Sunday, March 22, 2009


Last week my blog post was entitled “In the Land of Re.” Dr. Philip Neches, my distinguished scientific adviser and student of history who sits with me as a trustee of the California Institute of Technology, emailed me the thoughtful response below.

I expect Phil to play a role on a new hedge fund I will manage.


Interesting blog post! I see an echo of our conversation on Friday in the part about looking behind the increase in reported lending.

I also note that, at least on the surface, the US savings rate has increased in the last few months. Economists note that while this builds the kind of investment capacity you discuss at the end of your blog post, money just saved does not have an immediate stimulative effect.

Standard accounting does not make a good distinction between spending and investing. Some spending is purely consumed in a way that does not expand economic capacity. Examples include military supplies and spa treatments: once used, they never get back into the economy. On the other hand, spending on things like product development and public infrastructure create things that directly or indirectly produce new economic value for months or years to come. In this sense, such spending is investment.

Conversely, if increased savings result in increases of debt or equity -- which must be done to generate the return -- the savings are spent, either as investments or as consumption. It just means that someone other than the saver does the spending.

My point is that investment can be enabled by saving or by spending. To better measure the long-term prospects for the economy, we should be measuring and trying to increase the investment rate, not the savings rate or spending rate. If the economic crisis gets people to shift their spending and savings to do less consumption and more investing, we will be better off in the long run, and perhaps even in the short run.

Finally, I think that the automation and mechanization of labor is still accelerating, not decelerating. The percentage of the work force involved in agriculture is still declining, as it has been since the early 1800s. The percentage of the work force involved in manufacturing is still declining, as it has been since the 1950s.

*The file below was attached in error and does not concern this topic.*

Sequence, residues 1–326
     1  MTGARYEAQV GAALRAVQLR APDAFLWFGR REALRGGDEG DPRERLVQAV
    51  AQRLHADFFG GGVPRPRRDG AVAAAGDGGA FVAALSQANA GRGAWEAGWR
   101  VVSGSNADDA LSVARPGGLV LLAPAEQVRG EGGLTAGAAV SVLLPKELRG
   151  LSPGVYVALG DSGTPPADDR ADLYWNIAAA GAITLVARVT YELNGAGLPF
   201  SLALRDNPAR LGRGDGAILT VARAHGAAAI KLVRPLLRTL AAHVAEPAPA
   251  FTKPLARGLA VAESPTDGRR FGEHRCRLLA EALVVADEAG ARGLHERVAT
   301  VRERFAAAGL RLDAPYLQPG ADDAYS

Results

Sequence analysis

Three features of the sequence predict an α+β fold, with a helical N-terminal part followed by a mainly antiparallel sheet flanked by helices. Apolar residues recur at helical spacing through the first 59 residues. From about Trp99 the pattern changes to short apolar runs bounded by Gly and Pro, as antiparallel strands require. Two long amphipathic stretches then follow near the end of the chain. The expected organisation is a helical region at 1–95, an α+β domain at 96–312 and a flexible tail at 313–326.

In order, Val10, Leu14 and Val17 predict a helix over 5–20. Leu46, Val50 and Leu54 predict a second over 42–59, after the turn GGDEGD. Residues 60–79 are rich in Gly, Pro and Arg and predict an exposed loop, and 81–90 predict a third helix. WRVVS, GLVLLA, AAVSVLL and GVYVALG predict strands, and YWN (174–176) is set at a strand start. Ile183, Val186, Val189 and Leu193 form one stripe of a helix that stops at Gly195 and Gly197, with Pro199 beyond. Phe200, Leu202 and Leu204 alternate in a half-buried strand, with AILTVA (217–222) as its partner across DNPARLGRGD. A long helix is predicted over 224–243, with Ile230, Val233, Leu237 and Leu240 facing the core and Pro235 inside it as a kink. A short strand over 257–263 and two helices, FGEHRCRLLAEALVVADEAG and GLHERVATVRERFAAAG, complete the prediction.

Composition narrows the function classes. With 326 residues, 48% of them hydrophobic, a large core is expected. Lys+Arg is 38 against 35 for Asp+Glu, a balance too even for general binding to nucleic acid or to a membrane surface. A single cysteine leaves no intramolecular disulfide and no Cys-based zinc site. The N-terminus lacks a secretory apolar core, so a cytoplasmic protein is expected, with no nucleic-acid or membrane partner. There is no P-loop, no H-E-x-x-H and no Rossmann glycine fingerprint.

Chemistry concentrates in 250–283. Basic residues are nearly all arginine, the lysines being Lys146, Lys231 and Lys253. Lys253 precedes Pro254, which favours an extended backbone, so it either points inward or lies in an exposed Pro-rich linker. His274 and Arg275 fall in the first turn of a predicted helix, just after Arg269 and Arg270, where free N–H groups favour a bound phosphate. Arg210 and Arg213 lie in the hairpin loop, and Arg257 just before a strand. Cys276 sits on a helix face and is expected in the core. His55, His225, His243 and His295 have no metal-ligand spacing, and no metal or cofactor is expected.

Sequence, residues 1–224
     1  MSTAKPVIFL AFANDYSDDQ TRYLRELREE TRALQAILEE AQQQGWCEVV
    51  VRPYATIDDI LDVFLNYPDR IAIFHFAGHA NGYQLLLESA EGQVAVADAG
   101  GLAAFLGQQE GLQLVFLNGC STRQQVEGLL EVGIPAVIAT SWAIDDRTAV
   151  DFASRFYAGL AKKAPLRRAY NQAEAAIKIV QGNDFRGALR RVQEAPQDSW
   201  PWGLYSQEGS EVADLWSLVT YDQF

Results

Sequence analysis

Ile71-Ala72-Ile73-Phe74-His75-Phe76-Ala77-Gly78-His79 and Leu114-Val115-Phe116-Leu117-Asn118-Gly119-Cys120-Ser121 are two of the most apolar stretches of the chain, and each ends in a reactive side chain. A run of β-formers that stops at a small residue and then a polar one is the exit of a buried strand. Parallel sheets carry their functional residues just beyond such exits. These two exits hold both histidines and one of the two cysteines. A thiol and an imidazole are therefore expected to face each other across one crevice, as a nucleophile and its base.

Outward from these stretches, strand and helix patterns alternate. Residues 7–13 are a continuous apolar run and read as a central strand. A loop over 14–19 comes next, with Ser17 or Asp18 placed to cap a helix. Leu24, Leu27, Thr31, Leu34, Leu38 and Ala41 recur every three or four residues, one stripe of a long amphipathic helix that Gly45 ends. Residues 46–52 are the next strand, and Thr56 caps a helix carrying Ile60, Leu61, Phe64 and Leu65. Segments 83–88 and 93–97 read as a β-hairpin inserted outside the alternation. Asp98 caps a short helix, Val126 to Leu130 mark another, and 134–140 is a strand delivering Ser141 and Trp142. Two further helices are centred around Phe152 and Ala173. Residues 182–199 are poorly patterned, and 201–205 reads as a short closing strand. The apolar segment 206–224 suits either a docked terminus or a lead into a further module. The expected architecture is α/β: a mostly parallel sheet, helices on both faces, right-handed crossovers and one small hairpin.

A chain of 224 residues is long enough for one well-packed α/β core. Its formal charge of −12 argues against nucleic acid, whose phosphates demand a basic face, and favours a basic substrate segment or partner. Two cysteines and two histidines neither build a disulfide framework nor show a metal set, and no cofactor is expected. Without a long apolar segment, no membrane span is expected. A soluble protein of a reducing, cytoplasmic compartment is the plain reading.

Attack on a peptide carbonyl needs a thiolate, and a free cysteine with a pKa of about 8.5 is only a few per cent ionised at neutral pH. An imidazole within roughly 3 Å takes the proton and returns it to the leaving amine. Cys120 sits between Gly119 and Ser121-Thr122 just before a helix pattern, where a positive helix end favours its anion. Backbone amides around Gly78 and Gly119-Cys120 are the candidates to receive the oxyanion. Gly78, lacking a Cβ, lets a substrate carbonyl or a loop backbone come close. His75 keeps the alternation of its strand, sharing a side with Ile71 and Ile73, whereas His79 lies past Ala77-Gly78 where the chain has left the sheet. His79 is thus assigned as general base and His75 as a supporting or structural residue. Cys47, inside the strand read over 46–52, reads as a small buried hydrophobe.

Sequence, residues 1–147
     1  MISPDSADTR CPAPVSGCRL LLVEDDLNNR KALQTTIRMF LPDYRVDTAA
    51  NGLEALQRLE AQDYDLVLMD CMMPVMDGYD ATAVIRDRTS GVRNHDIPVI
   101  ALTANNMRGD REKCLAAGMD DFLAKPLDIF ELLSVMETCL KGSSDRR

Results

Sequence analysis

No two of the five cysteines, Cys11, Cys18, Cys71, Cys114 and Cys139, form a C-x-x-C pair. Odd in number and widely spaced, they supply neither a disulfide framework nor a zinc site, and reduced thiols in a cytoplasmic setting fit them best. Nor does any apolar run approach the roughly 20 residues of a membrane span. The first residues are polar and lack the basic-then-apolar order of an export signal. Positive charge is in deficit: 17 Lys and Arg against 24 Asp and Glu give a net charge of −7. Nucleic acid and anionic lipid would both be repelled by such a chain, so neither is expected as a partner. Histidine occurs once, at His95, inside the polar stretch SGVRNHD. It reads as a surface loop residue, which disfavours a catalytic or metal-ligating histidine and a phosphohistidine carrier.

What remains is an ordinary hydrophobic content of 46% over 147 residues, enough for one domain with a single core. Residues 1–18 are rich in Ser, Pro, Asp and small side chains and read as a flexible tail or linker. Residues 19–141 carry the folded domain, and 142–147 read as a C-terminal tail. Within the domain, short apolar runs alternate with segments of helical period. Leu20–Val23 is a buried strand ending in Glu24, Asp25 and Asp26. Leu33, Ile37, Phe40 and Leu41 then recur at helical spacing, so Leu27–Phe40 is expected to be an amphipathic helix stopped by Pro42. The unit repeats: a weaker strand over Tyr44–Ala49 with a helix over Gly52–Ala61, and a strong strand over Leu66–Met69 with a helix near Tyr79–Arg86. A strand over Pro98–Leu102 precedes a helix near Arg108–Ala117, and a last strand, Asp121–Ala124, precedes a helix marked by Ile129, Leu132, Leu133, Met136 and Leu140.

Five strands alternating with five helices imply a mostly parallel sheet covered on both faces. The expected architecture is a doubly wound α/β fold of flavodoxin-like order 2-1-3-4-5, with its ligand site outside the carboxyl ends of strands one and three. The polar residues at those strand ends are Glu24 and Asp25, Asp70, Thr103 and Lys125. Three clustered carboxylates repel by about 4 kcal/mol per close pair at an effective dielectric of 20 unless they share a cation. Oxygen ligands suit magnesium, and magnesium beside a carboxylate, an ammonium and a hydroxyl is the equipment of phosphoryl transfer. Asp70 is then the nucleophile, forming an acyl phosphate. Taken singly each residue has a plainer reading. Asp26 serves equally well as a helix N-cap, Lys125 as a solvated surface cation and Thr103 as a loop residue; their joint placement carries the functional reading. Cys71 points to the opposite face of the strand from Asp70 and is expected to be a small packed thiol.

I think we have seen the peak in percentage of the work force employed in information technology. I have been writing for several years now that IT as a percent of the work force will decline. I mean this world wide: outsourcing just moves the jobs and temporarily makes it possible for workers who are less productive to be competitive due to currency and standard-of-living arbitrage.

As the arbitrage declines, those workers are even more vulnerable to technological obsolescence than their US-based counterparts. Call center workers can be replaced by voice response systems. Low level application programmers can be replaced by new software development tools.

Agriculture, manufacturing, and now IT are characterized by continuing technology innovation that increases productivity: more output from fewer hours of labor. For the first 50 years of the IT industry, demand increase so much faster than productivity that employment increased. Demand is still increasing, but at a slower rate as the industry finally has enough capacity to meet the demand and is no longer growing into unfulfilled demand. Productivity growth remains high, and the balance is now such that the need for workers is growing slower than the population, or the economy as a whole.

As costs and living standards increase in other countries, off-shoring will make less sense. In manufacturing, as people count in the real costs of transportation, a lot of off shore manufacturing now looks less advantageous. While a lot of manufacturing can "come home," I do not foresee manufacturing employment ever returning to the levels of prior decades.

So the result is that the workers who a decade ago were in great demand and short supply now find their circumstances radically altered. Ex-investment bankers and ex-programmers are driving taxis and limos while they figure out what's next.


Philip Neches received his BS, MS and PhD from CalTech

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